Health Care Spending Account

A health care spending account is an effective way to extend your health or dental coverage, and is a very tax efficient compensation strategy.

Think of it like a bank account. You use the money in your account to cover any expenses left over after you’ve submitted claims through other benefit plans. These could include deductibles or co-payments you would otherwise have to pay, as well as expenses not covered under any other plan.

Expenses reimbursed through a HCSA must qualify under the federal Income Tax Act as medical, vision, or dental costs. This includes everything from prescription drugs and adult orthodontia to seeing-eye dogs and organ transplants. Click here for more information on how a HCSA works.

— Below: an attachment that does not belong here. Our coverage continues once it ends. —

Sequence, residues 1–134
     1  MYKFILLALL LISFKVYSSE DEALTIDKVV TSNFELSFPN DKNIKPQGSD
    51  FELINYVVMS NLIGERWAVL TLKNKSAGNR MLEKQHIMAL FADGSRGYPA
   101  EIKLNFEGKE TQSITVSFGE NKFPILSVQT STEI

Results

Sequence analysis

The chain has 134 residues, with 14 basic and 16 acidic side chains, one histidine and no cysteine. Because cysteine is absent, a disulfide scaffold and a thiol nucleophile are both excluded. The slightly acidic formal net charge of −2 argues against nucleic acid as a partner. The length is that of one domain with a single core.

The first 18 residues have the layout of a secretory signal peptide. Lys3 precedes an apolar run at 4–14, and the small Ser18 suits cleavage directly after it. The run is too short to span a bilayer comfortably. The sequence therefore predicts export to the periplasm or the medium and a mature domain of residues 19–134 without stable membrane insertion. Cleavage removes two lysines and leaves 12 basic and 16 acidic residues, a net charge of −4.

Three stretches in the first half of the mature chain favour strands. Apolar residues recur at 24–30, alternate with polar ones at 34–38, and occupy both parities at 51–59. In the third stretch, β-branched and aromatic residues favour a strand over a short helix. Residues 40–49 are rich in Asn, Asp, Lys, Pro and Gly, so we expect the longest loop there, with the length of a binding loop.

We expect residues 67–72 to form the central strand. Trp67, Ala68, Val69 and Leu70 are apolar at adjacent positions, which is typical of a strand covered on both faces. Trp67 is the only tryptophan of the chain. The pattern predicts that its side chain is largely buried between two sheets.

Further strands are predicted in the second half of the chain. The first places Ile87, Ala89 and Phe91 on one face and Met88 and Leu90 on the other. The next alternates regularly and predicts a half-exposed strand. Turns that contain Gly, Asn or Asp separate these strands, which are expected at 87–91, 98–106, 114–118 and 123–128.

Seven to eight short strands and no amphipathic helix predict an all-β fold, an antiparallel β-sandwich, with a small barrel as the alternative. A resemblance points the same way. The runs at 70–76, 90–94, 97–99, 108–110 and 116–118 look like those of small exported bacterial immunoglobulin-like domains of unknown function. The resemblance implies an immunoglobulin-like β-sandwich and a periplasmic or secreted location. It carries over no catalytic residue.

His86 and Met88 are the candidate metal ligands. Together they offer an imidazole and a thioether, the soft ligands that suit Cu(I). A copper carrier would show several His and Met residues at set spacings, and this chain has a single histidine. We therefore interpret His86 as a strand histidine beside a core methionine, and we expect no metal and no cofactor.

Costs that wouldn’t be covered include: those that private insurers are not legally allowed to cover, services or supplies you’re entitled to for free; and any part of an expense that can be paid under another group plan or government plan.

The HCSA covers you and your eligible dependents. If your dependent children are no longer eligible for basic health benefits because of student age restrictions, they can qualify under the HCSA. And, individuals who don’t qualify for coverage under a regular group plan can still qualify under the HCSA if they are entitled to claim a medical expense tax credit for them under the Income Tax Act.

If you don’t spend all the money in your HCSA by the next enrolment, it remains in your account for the following year. If you haven’t spent them by the second enrolment, you lose them.

The HCSA is more tax effective than using cash, since you’re not taxed on the money you deposit in your HCSA. If you cashed it in, you’d pay income tax, so money goes farther in an HCSA.